Now Tie Jun Cui and Qiang Cheng at the Southeast University in Nanjing, China, have turned Narimanov and Kildishev’s theory into practice, and built a “black hole” for microwave frequencies. It is made of 60 annular strips of so-called “meta-materials”, which have previously been used to make invisibility cloaks.

Each strip takes the form of a circuit board etched with intricate structures whose characteristics change progressively from one strip to the next, so that the permittivity varies smoothly. The outer 40 strips make up the shell and the inner 20 strips make up the absorber.

“When the incident electromagnetic wave hits the device, the wave will be trapped and guided in the shell region towards the core of the black hole, and will then be absorbed by the core,” says Cui. “The wave will not come out from the black hole.” In their device, the core converts the absorbed light into heat.

via First black hole for light created on Earth – physics-math – 14 October 2009 – New Scientist.

The Recent Future / October 15, 2009 / SciFi, Tech / 0 Comments

‘Magnetic electricity’ discovered

Researchers have discovered a magnetic equivalent to electricity: single magnetic charges that can behave and interact like electrical ones.

The work is the first to make use of the magnetic monopoles that exist in special crystals known as spin ice.Writing in Nature journal, a team showed that monopoles gather to form a “magnetic current” like electricity.

The phenomenon, dubbed “magnetricity”, could be used in magnetic storage or in computing.

Magnetic monopoles were first predicted to exist over a century ago, as a perfect analogue to electric charges.

Although there are protons and electrons with net positive and negative electric charges, there were no particles in existence which carry magnetic charges. Rather, every magnet has a “north” and “south” pole.

via BBC NEWS | Technology | ‘Magnetic electricity’ discovered.

The Recent Future / October 14, 2009 / Nature / 0 Comments

Plasma Rocket Could Travel to Mars in 39 Days

Last Wednesday, the Ad Astra Rocket Company tested what is currently the most powerful plasma rocket in the world. As the Webster, Texas, company announced, the VASIMR VX-200 engine ran at 201 kilowatts in a vacuum chamber, passing the 200-kilowatt mark for the first time. The test also marks the first time that a small-scale prototype of the company’s VASIMR Variable Specific Impulse Magnetoplasma Rocket rocket engine has been demonstrated at full power.

“It’s the most powerful plasma rocket in the world right now,” says Franklin Chang-Diaz, former NASA astronaut and CEO of Ad Astra. The company has signed an agreement with NASA to test a 200-kilowatt VASIMR engine on the (ISS) in 2013. The engine could provide periodic boosts to the ISS, which gradually drops in altitude due to atmospheric drag. ISS boosts are currently provided by spacecraft with conventional , which consume about 7.5 tonnes of propellant per year. By cutting this amount down to 0.3 tonnes, Chang-Diaz estimates that VASIMR could save NASA millions of dollars per year.

But Ad Astra has bigger plans for VASIMR, such as high-speed missions to Mars. A 10- to 20-megawatt VASIMR engine could propel human missions to Mars in just 39 days, whereas conventional rockets would take six months or more. The shorter the trip, the less time astronauts would be exposed to space radiation, which is a significant hurdle for Mars missions. VASIMR could also be adapted to handle the high payloads of robotic missions, though at slower speeds than lighter human missions.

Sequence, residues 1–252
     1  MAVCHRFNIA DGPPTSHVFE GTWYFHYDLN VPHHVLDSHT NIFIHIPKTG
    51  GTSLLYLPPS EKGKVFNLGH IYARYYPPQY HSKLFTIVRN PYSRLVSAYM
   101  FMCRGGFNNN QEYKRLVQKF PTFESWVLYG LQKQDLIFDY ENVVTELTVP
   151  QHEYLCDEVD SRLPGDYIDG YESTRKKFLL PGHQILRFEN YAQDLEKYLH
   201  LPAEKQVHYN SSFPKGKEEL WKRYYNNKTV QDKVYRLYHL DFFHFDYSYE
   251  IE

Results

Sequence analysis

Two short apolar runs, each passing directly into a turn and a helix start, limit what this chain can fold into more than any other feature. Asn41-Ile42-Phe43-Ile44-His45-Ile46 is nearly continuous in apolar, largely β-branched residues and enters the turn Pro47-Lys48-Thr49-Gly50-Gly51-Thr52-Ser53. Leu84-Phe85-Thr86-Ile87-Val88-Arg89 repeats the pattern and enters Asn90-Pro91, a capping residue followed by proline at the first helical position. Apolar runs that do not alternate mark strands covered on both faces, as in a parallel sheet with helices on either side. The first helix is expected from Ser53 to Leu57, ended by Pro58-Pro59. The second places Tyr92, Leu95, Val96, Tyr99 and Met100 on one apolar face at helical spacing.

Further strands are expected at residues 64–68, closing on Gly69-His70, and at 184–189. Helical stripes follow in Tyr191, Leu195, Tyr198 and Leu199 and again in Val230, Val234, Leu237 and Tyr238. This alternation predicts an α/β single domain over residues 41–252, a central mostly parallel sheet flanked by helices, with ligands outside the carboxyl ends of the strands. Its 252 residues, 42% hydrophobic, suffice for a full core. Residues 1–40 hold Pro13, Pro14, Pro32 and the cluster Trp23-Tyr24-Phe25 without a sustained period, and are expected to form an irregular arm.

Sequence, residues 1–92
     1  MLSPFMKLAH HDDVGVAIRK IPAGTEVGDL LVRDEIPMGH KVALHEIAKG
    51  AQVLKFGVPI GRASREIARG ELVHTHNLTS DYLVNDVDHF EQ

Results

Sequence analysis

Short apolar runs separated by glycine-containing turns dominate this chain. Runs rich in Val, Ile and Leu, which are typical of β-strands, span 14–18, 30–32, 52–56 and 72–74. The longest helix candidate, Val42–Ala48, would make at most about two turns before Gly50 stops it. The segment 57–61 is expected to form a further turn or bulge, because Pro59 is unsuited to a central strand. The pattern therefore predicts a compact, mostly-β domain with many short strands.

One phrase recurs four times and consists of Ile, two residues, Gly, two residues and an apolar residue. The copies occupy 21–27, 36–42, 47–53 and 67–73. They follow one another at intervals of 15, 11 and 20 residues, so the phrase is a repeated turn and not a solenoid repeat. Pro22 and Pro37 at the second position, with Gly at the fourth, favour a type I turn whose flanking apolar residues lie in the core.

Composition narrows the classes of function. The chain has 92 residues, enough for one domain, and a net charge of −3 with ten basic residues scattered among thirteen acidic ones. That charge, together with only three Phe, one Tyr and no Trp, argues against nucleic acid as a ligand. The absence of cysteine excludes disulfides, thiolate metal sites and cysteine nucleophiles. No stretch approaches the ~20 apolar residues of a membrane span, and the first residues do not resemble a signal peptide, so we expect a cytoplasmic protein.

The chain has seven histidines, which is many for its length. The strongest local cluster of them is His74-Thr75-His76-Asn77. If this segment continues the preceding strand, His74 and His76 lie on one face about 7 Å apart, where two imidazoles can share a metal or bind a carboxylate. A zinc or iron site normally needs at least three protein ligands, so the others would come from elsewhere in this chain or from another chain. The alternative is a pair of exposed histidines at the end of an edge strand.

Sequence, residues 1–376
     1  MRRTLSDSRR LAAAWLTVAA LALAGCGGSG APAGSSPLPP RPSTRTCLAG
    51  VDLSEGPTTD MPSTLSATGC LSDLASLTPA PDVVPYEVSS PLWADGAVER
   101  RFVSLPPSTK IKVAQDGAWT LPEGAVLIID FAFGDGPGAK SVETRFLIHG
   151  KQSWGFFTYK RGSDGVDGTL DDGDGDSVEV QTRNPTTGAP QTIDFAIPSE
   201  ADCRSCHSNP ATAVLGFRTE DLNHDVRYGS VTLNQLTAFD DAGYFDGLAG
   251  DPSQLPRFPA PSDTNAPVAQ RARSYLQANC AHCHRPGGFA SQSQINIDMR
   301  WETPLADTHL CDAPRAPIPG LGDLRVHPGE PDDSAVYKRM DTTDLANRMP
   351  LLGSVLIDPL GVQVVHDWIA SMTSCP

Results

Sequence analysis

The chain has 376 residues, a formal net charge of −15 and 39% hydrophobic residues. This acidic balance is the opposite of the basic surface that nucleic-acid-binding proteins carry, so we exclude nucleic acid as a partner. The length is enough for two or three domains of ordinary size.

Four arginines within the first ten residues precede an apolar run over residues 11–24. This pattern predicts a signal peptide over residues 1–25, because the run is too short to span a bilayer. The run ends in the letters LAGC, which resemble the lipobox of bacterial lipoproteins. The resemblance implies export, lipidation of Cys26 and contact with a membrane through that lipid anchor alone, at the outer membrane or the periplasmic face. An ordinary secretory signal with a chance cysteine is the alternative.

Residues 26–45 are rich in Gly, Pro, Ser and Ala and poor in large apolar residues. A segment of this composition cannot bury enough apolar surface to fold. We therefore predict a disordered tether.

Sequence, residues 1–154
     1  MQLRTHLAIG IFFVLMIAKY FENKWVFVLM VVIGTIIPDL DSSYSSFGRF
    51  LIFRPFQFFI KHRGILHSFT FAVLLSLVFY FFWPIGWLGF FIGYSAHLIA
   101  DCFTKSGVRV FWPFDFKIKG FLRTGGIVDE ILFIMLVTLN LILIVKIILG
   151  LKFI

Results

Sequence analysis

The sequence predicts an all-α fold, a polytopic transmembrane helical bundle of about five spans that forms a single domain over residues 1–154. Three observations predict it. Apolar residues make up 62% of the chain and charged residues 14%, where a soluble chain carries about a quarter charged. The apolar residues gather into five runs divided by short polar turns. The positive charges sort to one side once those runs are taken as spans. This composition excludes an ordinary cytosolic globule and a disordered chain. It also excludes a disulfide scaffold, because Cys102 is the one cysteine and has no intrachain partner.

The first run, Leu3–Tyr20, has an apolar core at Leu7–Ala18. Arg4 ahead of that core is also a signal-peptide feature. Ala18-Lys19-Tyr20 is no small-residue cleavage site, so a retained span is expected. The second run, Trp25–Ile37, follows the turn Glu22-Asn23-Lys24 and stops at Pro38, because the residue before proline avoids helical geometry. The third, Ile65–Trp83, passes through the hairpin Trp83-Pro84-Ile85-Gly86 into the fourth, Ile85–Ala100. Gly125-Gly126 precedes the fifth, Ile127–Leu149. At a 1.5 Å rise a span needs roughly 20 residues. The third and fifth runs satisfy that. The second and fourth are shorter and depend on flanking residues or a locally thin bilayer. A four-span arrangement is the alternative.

Chang-Diaz has been working on the development of the VASIMR concept since 1979, before founding Ad Astra in 2005 to further develop the project. The technology uses radio waves to heat gases such as hydrogen, argon, and neon, creating hot plasma. Magnetic fields force the charged plasma out the back of the engine, producing thrust in the opposite direction. Due to the high velocity that this method achieves, less fuel is required than in conventional engines. In addition, VASIMR has no physical electrodes in contact with the , prolonging the engine’s lifetime and enabling a higher power density than in other designs.

via Plasma Rocket Could Travel to Mars in 39 Days.

The Recent Future / October 7, 2009 / SciFi, Tech / 0 Comments

Study prompts provinces to rethink flu plan

A “perplexing” Canadian study linking H1N1 to seasonal flu shots is throwing national influenza plans into disarray and testing public faith in the government agencies responsible for protecting the nation’s health.

Distributed for peer review last week, the study confounded infectious-disease experts in suggesting that people vaccinated against seasonal flu are twice as likely to catch swine flu.

The paper is under peer review, and lead researchers Danuta Skowronski of the British Columbia Centre for Disease Control and Gaston De Serres of Laval University must stay mum until it’s published.

Met with intense early skepticism both in Canada and abroad, the paper has since convinced several provincial health agencies to announce hasty suspensions of seasonal flu vaccinations, long-held fixtures of public-health planning.“It has confused things very badly,” said Dr. Ethan Rubinstein, head of adult infectious diseases at the University of Manitoba. “And it has certainly cost us credibility from the public because of conflicting recommendations. Until last week, there had always been much encouragement to get the seasonal flu vaccine.”

On Sunday Quebec joined Alberta, Saskatchewan, Ontario and Nova Scotia in suspending seasonal flu shots for anyone under 65 years of age. Quebec’s Health Ministry announced it would postpone vaccinations until January, clearing the autumn months for health professionals to focus on vaccinating against H1N1, which is expected to the more severe influenza strain this season.

via Study prompts provinces to rethink flu plan – The Globe and Mail.

The Recent Future / October 5, 2009 / Health / 0 Comments